June 13, 2013

Reading List

Ancient Comedies

Still adding to your summer reading list? Timothy Moore, professor and chair of classics, suggests which ancient comedies should make the cut.
 

Lysistrata by Aristophanes

There are four surviving writers of comedy in the ancient world. The first was Aristophanes, who was writing in the 5th century BCE, the same time as the tragedians were writing. He writes uproarious comedies in which somebody comes up with a crazy plot, and then that plan is fulfilled against all expectations during the play. His most famous play, and a good one to start with, would be the Lysistrata. The Lysistrata is an Athenian woman, and she gets together all the women in Athens and Sparta and says "we’re not going to have sex with our husbands until they stop the war." All sorts of crazy things happen in the meantime, and in the end, they stop the war (in a fantasy that would never happen in real life), just because the men are so desperate for sex.
 

Professor Moore was featured in the podcast Classical Theater and will also appear within our summer series, Retellings.

Dyskolos by Menander

The next comic writer we have is writing about 100 years later. His name was Menander. His plays were all lost in antiquity; the manuscript tradition has not handed them down. But in the 21st century we found a number of papyri from Egypt, which preserved parts of his plays and almost a whole play. That whole play is called the Dyskolos, or The Grouch. In it there’s a grouchy old man, and somebody loves his daughter, and various obstacles have to be overcome. It’s the same kind of thing you might see in a modern comedy. It’s a delightful play, and that’s where I’d start on Mynander.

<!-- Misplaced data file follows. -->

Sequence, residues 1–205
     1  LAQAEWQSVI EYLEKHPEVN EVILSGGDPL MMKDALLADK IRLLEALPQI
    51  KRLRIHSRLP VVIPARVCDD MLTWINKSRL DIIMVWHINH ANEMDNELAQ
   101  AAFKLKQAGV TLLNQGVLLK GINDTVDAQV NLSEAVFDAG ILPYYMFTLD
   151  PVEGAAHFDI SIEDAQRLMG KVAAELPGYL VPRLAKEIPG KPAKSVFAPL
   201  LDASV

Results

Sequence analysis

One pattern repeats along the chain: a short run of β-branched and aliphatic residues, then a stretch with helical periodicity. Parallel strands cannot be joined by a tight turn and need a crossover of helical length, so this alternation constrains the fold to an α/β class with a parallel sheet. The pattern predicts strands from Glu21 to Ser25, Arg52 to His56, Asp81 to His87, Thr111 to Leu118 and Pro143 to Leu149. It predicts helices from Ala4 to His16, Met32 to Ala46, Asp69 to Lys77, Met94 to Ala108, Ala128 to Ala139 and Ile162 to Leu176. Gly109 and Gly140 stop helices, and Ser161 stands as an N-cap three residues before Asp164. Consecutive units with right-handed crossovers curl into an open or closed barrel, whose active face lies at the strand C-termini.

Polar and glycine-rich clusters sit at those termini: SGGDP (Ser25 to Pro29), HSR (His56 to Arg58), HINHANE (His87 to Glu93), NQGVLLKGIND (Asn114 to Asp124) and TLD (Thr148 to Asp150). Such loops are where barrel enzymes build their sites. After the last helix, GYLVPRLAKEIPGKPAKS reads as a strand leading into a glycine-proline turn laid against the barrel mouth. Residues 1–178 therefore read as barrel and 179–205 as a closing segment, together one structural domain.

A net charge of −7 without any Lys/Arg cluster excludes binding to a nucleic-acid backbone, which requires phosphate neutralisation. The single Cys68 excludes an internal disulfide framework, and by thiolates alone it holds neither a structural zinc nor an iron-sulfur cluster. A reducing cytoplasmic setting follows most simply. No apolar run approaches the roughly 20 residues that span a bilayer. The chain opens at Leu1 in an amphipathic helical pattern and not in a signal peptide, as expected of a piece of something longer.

Pseudolus and Casina by Plautus

The other comedies we have from the ancient world are the ones that I’ve spent most time with - the two Roman comedians from about the second century BCE, Plautus and Terence. They wrote very delightful love plots, often with very tricky slaves who help their masters. It’s the origin of people like Jeeves, the valet who helps out his boss and accomplishes things through his cleverness. 

Good plays to start out would be the Pseudolus, which has the classic tricky slave. In fact that’s the star character of Steven Sondheim’s A Funny Thing Happened on the Way to the Forum, which is based on plays of Plautus. Another good Plautine would be played the Casina, in which there’s a wife who doesn’t want her husband to get at her slave woman. She stops him through all sorts of comic devices in a kind of topsy-turvy woman-over-man scenario like we also find often in modern comedies.

 

Adelphpoe by Terence

Terence is most known for his play the Adelphpoe, or The Brothers. That play is one of the first comedies we have that deals with the question of education of young, in this case men. But the question of how to raise your young still remains very important. There’s one father who’s lenient and one who’s very severe, and after various comic complications they learn that both of them in fact are wrong. You can’t do either of those extremes and raise the kind of sons you want.

 

image public domain via wikimedia commons: menander.